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State, Teachers Unions Defend CBC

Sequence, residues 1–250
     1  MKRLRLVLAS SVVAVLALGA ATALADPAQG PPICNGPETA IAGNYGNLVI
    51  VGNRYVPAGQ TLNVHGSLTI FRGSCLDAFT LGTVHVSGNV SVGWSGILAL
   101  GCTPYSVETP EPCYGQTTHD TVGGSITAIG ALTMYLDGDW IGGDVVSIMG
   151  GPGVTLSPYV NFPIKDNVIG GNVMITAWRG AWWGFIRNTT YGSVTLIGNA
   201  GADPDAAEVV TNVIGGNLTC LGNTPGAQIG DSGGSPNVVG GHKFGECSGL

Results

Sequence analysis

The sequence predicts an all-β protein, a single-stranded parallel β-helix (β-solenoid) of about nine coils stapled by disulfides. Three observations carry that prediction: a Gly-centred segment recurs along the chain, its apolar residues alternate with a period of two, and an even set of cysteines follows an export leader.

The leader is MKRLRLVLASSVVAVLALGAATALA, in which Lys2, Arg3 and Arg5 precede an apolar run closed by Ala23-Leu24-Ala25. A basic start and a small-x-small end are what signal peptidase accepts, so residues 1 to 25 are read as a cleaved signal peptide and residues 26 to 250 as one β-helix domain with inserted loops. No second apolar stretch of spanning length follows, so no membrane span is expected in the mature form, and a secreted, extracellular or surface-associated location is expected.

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State, Teachers Unions Defend CBC.The government has defended the implementation of the Competency-Based Curriculum (CBC), explaining why the previous 8-4-4 system was deemed unsatisfactory.In response to a case in which a lawyer wants the new system scrapped on the grounds that it is a foreign concept imposed on Kenyans, the government stated that reverting to 8-4-4 would also mean the end of the country’s economic blueprint, Vision 2030.In her case before the High Court in Nairobi, lawyer Esther Ang’awa argued that the CBC imposes a significant financial burden on parents and guardians and that its implementation should be halted until the outcome of her suit is determined.At the heart of the lawyer’s case is the claim that the new system was implemented without prior planning or consultation with key stakeholders.Anga’awa, who has since changed his mind about the case, claimed that teachers are unprepared and that implementing the new curriculum will harm children’s future.According to her, CBC is inferior to 8-4-4 because it “does not meet the needs of the country."The country settled on the 2-6-3-3-3 education system after it became clear that the 8-4-4 system had many gaps, according to the government’s responses contained in court documents obtained by The Standard.According to the government, students in the old educational system did not exhibit the characteristics learned after school.The government claims that the new curriculum meets the needs of children and that secondary school graduates will gain knowledge, skills, competencies, and attitudes necessary to succeed in the labor market.Ang’awa had sued Education CS George Magoha, the Kenya Institute of Curriculum Development (KICD), the Teachers Service Commission (TSC), the Kenya National Union of Teachers (Knut), the National Assembly, and Interior CS Fred Matiang’i, seeking an injunction to halt the CBC rollout.Ang’awa told the court through her lawyer Nelson Havi that their actions as set forth in the petition, are manifestly unconstitutional and unlawful,  prejudicial to the future of Kenyan children, and should be halted pending the hearing and determination of the questions raised.However, in a series of responses, the Ministry of Education, KICD, and Kenya National Examination Council (Knec) have gone on the record to explain how and why the 2-6-3-3-3 system was picked.The government detailed the extensive preparations and investments that had gone into the CBC since 2019, culminating in the curriculum’s successful implementation in some counties, particularly during the piloting stage.TSC also explained how it prepared teachers for the CBC rollout through training and sensitization.CBC Abolishment Case Lawyer grows Cold Feet.The Kenya Union of Post-Primary Education Teachers (Kuppet) and Knut have both backed the government.Early Childhood and Basic Education PS Julius Jwan is the primary target of Ang’awa’s case. Dr. Jwan argued in court documents that CBC was founded on the need for the right skills to help Kenya industrialize. According to Jwan, the new educational system was benchmarked against countries such as Malaysia and South Korea.The PS traced Kenya’s education reforms back to 1964, when then-Education Minister Joseph James Otiende formed a commission to design a new system that would restructure the colonial master’s system of learning. The Kenya Education Commission was established in 1964, led by Prof Simon Ominde and comprised 17 members, including former Finance Minister David Mwiraria.According to the documents filed before justices Hedwig Ong’undi, Anthony Mrima, and Anthony Ndungu’u, there was a need to change from a system that limited black Africans’ industrial, technical, and vocational education at the time.The team devised the 7-4-2-3 system and suggested changes in geography and history to promote national cohesion. Tanzania, too, has adopted the same system.In 1983, President Daniel Moi established a Presidential Working Party led by Dr Collins Mackay, whose 17-member team would design the 8-4-4 system.Moi later established the Maina Wanjigi committee to study and recommend strategies for combating unemployment in Kenya. The committee, which consisted of nine members, recommended that the 8-8-4 system be used to identify talents rather than having exams based solely on academic merit.According to Jwan, the plan was to create a system in which testing would focus on technical training, academic progression, skill appreciation, originality, creativity, general personality, and attitude development.A heavy bias in content would be in the last two years of primary education, with the eighth year serving as a meaningful terminal for those who did not wish to progress up the academic ladder.The secondary school would have two main streams: academic and trade. This would result in the establishment of a National Service Scheme (similar to the current National Youth Service) as a pre-university requirement.The Wanjigi committee also suggested that the government create a curriculum for pre-primary children.“Despite recommendations of the Wanjigi committee report, the government proceeded to roll out the 8-4-4 system without factoring in the pre-primary education (early childhood development education),” Jwan added.Another group, the James Kamunge Presidential Working Party on Education and Manpower Training for the Next Decade and Beyond, recommended that vocational training be implemented in primary schools in 1988.They wanted the government to fund the construction of science labs as well as the purchase of science teaching equipment. The 17-person team also urged the government to encourage communities near schools to build libraries and provide books on a cost-sharing basis.In 2000, the Davy Koech Commission of Inquiry into Kenya’s Education System was established to investigate what children were learning and whether it was adequate for the country’s development.The 26-member team discovered that co-curricular activities were prioritized.It was suggested that the curriculum and its delivery be redesigned in a more balanced manner.Dr. Mackay, a Canadian, Jwan claimed, was the man behind 8-4-4. His deputy was a citizen of the United States. There was no Kenyan on the team who played a significant role.He contends that Mackay’s emphasis was not on basic education. According to him, the 8-4-4 system is a foreign concept, whereas CBC is a homegrown solution.The PS believes that the former system is unconstitutional because it does not mandate pre-primary education. Jwan contended that reverting to 8-4-4, as suggested by Ang’awa, would effectively kill Kenya’s Vision 2030.He stated that a task force led by Prof Dauglas Okoth in 2011 recommended a 2-6-6-2-3 system after discovering that the 8-4-4 system was deficient because students did not demonstrate the attributes learned after school.The Basic Education Curriculum Framework 2017 and Sessional Paper No. 1 of 2019 on the policy framework for reforming education and training for sustainable development in Kenya introduced the CBC.“Asian and Latin America countries, the Republic of Korea, Singapore, Thailand, Vietnam and Argentina, Chile, Costa Rica, and Mexico have reformed their secondary education and training systems focusing on the quality and relevance of learning outcomes,” Jwan argued.The lawyer contended that the CBC cannot be implemented without amending Basic Education Act No. 4 of 2013. According to Ang’awa, overhauling 8-4-4 is illegal and ambiguous because it converts a primary school into a secondary institution without a clear transition process.She claimed that concerns raised by former Education CS Amina Mohamed (now Sports CS) about the implementation of CBC were never addressed.Amina recommended in 2018 that the CBC be halted until the issues that were arising were fully addressed.